St Matthew - St Aidan

the church in town -- Buckhorn Ontario -- Sundays 10 am

Be like Bartimaeus

Be like Bartimaeus

Mark 10: 46-52 click for reading

As a result of not being able to see, Bartimaeus was reduced to the sidelines of society from where he was forced to beg in order to survive. He would have been dependent on whatever friends he might have had to help him find a good spot where passersby might respond to his cries for help. A person who could not see in those days would have been considered an outcast from society. He’d be among the defiled. From that darkness, he reached out and he cried out to survive.

 

Interesting that he knew that Jesus was passing by. He could sense the presence of Jesus. Interesting that then he cried out loudly. He was rebuked by those who had the power of sight. But still he persisted and cried out even louder from his darkness.

 

It is impossible to see in the darkness. At best, it is very difficult to be able to see in the darkness. Vision is impaired in the darkness.

 

In our day, more and more, it seems that we have powers of darkness that try to make it impossible for us to see. Covert powers at work in the shadows of our society make it difficult to see. Fake news is a shroud of intentional confusion that casts a shadow of darkness. Powers who seek to divide and pit one group against another bring darkness and make it ever more difficult to see.

 

Marginalizing the poor and the working-poor divides and extends darkness. Putting up walls -- whether physical or legislative -- to keep out those seeking a better life is a work of darkness. The past practices of a government to keep down its native people is a work of darkness even worse in a cloak of secrecy. Tearing up efforts to confront climate contrary to the evidence is a work of darkness.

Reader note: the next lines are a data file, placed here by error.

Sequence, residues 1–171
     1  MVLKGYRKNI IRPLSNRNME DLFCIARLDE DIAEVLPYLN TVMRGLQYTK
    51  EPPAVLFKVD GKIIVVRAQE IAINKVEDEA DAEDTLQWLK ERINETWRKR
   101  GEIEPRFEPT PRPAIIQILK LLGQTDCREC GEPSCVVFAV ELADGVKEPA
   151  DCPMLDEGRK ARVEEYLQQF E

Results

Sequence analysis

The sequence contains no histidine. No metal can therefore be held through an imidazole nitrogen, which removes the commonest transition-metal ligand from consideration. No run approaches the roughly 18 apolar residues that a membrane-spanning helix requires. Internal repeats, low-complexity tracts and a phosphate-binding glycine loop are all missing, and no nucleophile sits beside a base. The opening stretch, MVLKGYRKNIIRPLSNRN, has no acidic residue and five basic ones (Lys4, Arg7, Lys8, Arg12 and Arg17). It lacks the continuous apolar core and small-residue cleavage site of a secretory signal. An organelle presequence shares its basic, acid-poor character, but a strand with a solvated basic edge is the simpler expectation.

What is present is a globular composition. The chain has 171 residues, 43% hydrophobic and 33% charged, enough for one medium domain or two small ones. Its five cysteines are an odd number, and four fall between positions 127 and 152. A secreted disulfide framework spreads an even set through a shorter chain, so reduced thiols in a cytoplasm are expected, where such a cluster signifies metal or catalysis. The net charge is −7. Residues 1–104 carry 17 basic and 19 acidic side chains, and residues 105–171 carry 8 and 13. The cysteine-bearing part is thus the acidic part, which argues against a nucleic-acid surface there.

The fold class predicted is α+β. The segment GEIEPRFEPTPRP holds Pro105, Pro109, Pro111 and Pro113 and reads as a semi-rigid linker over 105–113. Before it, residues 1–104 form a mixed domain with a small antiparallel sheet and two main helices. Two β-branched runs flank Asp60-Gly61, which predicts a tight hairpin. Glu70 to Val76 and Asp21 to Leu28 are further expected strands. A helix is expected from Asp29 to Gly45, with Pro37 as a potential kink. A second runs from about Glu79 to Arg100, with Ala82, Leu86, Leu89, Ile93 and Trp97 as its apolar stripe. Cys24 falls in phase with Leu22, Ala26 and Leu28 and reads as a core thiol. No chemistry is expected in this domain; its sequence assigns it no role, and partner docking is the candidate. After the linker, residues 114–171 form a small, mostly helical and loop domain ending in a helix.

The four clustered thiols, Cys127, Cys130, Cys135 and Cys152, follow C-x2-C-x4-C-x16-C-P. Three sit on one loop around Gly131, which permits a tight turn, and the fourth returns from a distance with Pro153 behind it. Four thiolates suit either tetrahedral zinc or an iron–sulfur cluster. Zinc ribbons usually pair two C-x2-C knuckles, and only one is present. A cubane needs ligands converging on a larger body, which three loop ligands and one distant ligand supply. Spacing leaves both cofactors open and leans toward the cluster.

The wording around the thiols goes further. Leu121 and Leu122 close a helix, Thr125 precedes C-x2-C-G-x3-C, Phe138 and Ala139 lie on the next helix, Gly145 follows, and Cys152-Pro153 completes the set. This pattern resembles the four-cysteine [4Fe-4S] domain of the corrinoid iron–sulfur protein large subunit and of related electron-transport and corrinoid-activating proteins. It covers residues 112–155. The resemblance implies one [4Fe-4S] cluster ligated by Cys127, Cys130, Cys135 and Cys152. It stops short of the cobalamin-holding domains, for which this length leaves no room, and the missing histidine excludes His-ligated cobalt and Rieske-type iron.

For that, ask any young person who cries out about the climate -- not just for themselves but for their children yet unborn. Ask any marginalized person who cries out from the fringes of society. Ask any First Nations’ person. Ask any person fleeing oppression.

 

O that they each have the persistence of Bartimaeus.

 

***

We have our own kind of afflictions that make it difficult for us to see through the darkness to persist in digging into what is really going on. Not being sure anymore what is true and what is not true. Being worried about our own well-being in the back of our own minds (subliminally) -- as in if it happens to them, it can happen to us. A kind of pervasive fear. Darkness flows from the shadows of fear.

 

O that we may have the persistence of Bartimaeus.

 

***

It’s not only persistence though: it is an ability to keep a vision in the darkness, to have faith in spite of any darkness. To recognize that Jesus is passing by.

Just think about how that brings light. Think about how compassion breaks down barriers. Think about how forgiveness overcomes brokenness. Think about how acceptance changes the way we see others who are different. Think about how having faith empowers how we see.

A vision of faith knows that there is both good and evil but there is more good than evil. There’s more light than darkness. There’s more hope than fear.

And that is seeing Jesus walk by even at times when we feel to be in darkness.

***

O that we may be as Bartimaeus.

A  prayer

Help us Jesus, our Lord, to recognize you as you pass by. Help us to recognize you on the pathways of our lives, even the sidelines of those paths. Help us always to call upon you for our ability to see through whatever darkness befalls us. Help us to hold fast in faith to be in your light, to risk calling out. Help us to remember that you hear our cries and that your response is healing and wholeness, forgiveness and acceptance, love and compassion. Help us to carry that vision to others when they are in darkness.

Amen

2018 - The Rev'd W Glenn Empey

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